EDIT: I wrote this just after I started learning but updated it with new resources and links just before I launched my personal site three years later.
No doubt about it, I found getting to grips with the basics of CSS was a bit harder and took longer than learning HTML. But it’s so much more fun, and the effort you put in is really rewarded with an immediate visual impact in your browser. To be clear I’m talking here about learning the basics of CSS: selectors and styling, not layout. I’ll deal with that later.
I really enjoyed learning about selectors. The linkages back to HTML elements also gave me the chance to review what I had learnt about HTML as I learnt about the different CSS selectors. This meant that by the time I got to the more complicated and combined selectors I was pretty comfortable and could enjoy the mental gymnastics involved in crafting targeted selectors.
Learning CSS can seem endless (shadows, colours, backgrounds, borders etc.), but once I realised I didn’t have to memorise everything I started to feel much better. Taking some time to through some of the most important formatting techniques, seeing their potential and how they can be combined is plenty to be getting on with. All I have to is remember what’s possible and where I can find guidance, when I need it.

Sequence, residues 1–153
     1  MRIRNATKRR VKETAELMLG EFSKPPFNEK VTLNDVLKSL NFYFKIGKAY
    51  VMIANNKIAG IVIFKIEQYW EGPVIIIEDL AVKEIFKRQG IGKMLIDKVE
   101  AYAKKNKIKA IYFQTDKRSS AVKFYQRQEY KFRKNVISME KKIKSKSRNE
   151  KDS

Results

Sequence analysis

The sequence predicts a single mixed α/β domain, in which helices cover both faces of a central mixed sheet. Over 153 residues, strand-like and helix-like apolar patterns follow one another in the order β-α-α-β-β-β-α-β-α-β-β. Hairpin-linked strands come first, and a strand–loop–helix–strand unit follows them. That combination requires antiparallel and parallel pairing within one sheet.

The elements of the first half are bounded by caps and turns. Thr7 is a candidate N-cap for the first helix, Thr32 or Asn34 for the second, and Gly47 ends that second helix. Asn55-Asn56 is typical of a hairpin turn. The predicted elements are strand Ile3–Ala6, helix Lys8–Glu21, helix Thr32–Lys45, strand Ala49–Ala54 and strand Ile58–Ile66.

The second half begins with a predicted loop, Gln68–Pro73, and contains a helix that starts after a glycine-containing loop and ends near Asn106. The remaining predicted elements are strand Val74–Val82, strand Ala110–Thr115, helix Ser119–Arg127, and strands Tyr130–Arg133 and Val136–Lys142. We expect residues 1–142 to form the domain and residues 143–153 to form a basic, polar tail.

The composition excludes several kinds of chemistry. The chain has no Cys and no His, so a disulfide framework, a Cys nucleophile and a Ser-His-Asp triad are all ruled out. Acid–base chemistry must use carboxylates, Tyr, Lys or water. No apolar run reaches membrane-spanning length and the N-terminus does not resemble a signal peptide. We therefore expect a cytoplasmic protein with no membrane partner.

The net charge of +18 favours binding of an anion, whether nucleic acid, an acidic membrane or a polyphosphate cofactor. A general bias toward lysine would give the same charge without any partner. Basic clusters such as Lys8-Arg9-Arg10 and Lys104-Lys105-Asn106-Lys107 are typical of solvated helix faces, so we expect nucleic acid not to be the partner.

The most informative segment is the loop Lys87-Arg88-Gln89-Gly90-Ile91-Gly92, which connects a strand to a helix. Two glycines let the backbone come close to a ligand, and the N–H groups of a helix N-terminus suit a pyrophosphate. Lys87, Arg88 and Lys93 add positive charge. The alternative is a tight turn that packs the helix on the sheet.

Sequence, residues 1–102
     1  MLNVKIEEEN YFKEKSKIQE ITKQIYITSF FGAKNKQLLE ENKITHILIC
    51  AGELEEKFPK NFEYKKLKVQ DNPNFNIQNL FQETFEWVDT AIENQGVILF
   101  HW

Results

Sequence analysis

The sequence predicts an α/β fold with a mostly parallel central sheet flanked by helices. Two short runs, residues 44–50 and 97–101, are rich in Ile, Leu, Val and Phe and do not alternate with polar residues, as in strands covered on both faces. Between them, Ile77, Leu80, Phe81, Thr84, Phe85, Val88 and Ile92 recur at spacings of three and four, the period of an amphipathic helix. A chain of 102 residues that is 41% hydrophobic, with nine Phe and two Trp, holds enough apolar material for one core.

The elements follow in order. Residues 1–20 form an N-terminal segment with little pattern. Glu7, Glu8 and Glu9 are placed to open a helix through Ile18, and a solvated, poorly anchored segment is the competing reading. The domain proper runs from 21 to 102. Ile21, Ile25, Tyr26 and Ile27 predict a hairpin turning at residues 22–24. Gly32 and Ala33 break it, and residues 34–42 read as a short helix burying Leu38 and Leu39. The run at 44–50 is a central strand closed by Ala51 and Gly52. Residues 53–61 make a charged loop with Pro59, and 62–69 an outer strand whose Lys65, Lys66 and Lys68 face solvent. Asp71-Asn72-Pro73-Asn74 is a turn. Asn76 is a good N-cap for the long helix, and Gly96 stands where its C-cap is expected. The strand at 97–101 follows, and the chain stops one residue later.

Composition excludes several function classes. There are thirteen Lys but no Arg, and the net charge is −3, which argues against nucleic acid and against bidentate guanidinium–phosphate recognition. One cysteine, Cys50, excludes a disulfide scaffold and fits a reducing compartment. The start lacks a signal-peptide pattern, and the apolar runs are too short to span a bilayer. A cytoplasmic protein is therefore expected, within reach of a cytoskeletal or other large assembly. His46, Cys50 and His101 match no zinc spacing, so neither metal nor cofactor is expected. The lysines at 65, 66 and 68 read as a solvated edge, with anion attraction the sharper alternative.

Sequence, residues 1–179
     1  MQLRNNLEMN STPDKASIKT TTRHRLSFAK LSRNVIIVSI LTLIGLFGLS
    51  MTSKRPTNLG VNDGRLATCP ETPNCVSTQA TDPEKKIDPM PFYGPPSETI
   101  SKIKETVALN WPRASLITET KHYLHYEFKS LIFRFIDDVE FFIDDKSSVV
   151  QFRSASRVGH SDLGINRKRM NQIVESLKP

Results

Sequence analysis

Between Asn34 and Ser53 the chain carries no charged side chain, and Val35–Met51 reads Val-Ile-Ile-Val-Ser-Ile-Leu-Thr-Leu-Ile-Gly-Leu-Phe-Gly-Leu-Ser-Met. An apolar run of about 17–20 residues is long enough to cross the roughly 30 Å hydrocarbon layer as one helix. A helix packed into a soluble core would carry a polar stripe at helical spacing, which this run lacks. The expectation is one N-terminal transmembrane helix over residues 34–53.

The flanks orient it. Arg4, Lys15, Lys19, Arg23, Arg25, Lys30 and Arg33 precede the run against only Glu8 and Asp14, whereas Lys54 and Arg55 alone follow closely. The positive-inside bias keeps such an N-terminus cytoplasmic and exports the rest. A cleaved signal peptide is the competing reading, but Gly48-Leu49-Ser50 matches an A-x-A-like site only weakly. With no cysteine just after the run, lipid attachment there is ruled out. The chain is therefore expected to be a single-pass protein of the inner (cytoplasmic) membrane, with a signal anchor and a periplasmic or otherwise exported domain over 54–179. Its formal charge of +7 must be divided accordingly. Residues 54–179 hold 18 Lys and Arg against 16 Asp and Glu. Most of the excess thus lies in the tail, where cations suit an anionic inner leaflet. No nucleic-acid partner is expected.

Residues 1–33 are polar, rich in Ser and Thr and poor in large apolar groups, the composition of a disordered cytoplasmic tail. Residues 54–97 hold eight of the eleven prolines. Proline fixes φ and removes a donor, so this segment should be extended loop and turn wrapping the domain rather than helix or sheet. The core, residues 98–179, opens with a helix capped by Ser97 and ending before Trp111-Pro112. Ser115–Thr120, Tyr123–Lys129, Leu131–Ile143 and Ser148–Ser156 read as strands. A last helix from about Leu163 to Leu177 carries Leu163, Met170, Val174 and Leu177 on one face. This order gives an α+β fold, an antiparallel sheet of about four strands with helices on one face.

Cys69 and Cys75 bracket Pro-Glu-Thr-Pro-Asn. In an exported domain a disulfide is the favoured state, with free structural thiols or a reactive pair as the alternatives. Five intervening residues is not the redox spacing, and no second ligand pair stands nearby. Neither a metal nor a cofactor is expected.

Initially, I dived straight in with CSS Essential Training on trusty old lynda.com (now LinkedIn Learning) that I get free with work and was quickly overwhelmed as the pace was too much for me. I followed the course through to the end but I didn’t enjoy it and was feeling a bit inadequate by the end and I was beginning to wonder if this whole coding thing was for me.
Luckily, James Williamson's, courses came to the rescue again. I followed his courses on CSS Selectors, CSS Layoutsand CSS Styling Navigation, which took me about 20 hours to go over the core concepts of CSS. (These were covered, along with responsive design in CSS Essential Training in a total of two hours!) Jame was much more my pace, and combined with the frequent practical challenges made me feel much more comfortable by the end.
I loved the encouragement to play around with selector combinations and writing elegant code. Again James's course is really good - with lots lovely examples, going as far as creating drop down navigation menus purely with CSS (which was a great challenge). I am still following the CSS Essentials courses on LinkedIn Learning (levels 1, 2 and 3) but mainly as a revision and cross-check after doing the more in-depth courses.
In addition to the courses above, Jon Ducket's book HTML and CSS proved to be a constant companion with me (I hope its updated soon). Lastly, I’ve also found CSS3 The Missing Manuel a great primer on basic concepts and selectors. I read the The HTML5 version too, but it wasn’t as helpful and I’m not sure I’d recommend it. The section on CSS in Learning Web Design by Jennifer Robbins was also really, ready good. I really recommend this book.